reese bass....

Discussion in 'Production' started by DESyFER, Dec 6, 2004.

  1. DESyFER

    DESyFER New Member

    Joined:
    Nov 10, 2003
    Messages:
    7
    Likes Received:
    0
    Any tips for creating heavy reese basslines??
     
  2. kama

    kama benkama.net

    Joined:
    Mar 24, 2002
    Messages:
    2,768
    Likes Received:
    48
    Location:
    Halfway between the gutter and stars
    start with 2 or more saw waveforms, phase them out a bit from each other, add reverb a bit to one layer, flanger to another, filters with LFO's, 1 sine wave to add bottom sub without any major effects. Shake well and mix together,,,,,,, voilá!!

    Basically, the saw wave multiplied and phased out is the backbone. there you can only add some. use your imagination.
     
    Dustek likes this.
  3. kama

    kama benkama.net

    Joined:
    Mar 24, 2002
    Messages:
    2,768
    Likes Received:
    48
    Location:
    Halfway between the gutter and stars
    the line itself is a completely another matter then if that's what you were getting at..... as you propably were. damn.
     
  4. Andydextruss

    Andydextruss Something

    Joined:
    Jun 4, 2004
    Messages:
    212
    Likes Received:
    1
    Location:
    Norwich, England
    To make a reese in its original form ie, to imitate the 1st ever reese, you get 2 sawtooth waves, detune 1 to -50cent, put them out of phase, apply a low pass filter so its really deep and rumbling, then add distorion and unison. Unison is what really does it, and you only want a tiiny bit of distortion.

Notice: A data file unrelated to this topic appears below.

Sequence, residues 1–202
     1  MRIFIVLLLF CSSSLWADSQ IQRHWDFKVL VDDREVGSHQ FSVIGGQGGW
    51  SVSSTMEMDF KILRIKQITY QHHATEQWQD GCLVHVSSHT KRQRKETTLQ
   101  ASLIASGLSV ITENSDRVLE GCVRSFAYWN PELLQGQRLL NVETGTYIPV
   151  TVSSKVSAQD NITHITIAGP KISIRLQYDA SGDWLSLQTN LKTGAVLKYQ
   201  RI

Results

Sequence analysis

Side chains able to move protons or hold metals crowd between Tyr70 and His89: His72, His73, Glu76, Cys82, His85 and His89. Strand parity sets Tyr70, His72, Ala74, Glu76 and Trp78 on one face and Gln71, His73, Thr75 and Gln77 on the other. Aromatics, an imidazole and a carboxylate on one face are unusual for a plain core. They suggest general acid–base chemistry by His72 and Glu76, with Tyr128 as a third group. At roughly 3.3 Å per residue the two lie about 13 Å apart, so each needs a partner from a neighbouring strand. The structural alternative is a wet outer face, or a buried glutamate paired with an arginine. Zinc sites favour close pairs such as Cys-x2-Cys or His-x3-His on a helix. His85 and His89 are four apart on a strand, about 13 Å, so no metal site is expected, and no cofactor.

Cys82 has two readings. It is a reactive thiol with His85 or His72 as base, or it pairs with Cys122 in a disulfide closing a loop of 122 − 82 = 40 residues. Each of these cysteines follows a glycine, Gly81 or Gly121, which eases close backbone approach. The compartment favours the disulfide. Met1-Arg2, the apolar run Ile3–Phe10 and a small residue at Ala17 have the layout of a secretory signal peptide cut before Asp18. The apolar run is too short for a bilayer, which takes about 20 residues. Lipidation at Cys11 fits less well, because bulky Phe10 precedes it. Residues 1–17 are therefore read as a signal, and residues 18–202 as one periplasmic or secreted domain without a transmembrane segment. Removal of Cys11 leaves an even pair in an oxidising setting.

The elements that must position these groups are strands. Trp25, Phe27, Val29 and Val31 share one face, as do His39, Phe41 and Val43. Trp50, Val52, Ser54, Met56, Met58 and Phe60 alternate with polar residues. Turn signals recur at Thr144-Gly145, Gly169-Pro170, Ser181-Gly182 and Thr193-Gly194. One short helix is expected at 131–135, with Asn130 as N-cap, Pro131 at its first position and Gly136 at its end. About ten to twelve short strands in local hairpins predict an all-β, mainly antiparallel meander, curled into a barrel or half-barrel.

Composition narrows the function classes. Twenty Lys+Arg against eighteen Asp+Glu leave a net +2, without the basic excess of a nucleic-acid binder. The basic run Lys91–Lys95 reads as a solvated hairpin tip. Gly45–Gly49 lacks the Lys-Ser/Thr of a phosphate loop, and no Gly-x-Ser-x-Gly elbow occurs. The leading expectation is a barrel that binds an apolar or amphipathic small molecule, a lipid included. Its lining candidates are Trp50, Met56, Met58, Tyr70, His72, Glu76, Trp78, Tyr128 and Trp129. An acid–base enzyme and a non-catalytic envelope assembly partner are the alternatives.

Reeses in its current definition are usually resampled and given loads of distortion, reverb, flangers, etc. Its the combination of effects that make it individual.

    As for notes they are usually 1 constant note in the piano roll editor but with the synths octave and semitone controls automated so it changes notes but is 1 continuous noise.

    I tend to go for simple up/down scales for 2-3 bars then 1-2 bars of a single note. Using more automated distortion on the longer notes to make it "move". Or try copying your melody then simplifying it, so the melody has more notes and the reese has longer 1s but they will sound good together.
     
  5. checkmabadself

    checkmabadself A gift from punjab

    Joined:
    Aug 10, 2003
    Messages:
    344
    Likes Received:
    0
    Location:
    Portsmouth
    Thats the problem I have I can get the Bass to the sound I want but its the laying down I have difficulty with.

    Any help with this would be much appreiciated

    :grouphug:
     
  6. Vaimler

    Vaimler persevering

    Joined:
    Oct 22, 2004
    Messages:
    20
    Likes Received:
    0
    Location:
    a long way from home
    Maybe you could try this approach for the laying down..
    If you have a sound you like but don't like the original attack or only like the inter-twine of waves
    a few oscillations further, record a long sample of the synth with all the fluxuations and variations
    (to create a line, do the same for other pitches allso)
    and import/cut it up in your sequencer, this way you can isolate the pieces your after, and have complete control over tones,lengths,.. (does create phase-issues though)
    The rest is a matter of fading /adding attack/compress and layering to create the line itself
    Hope it helped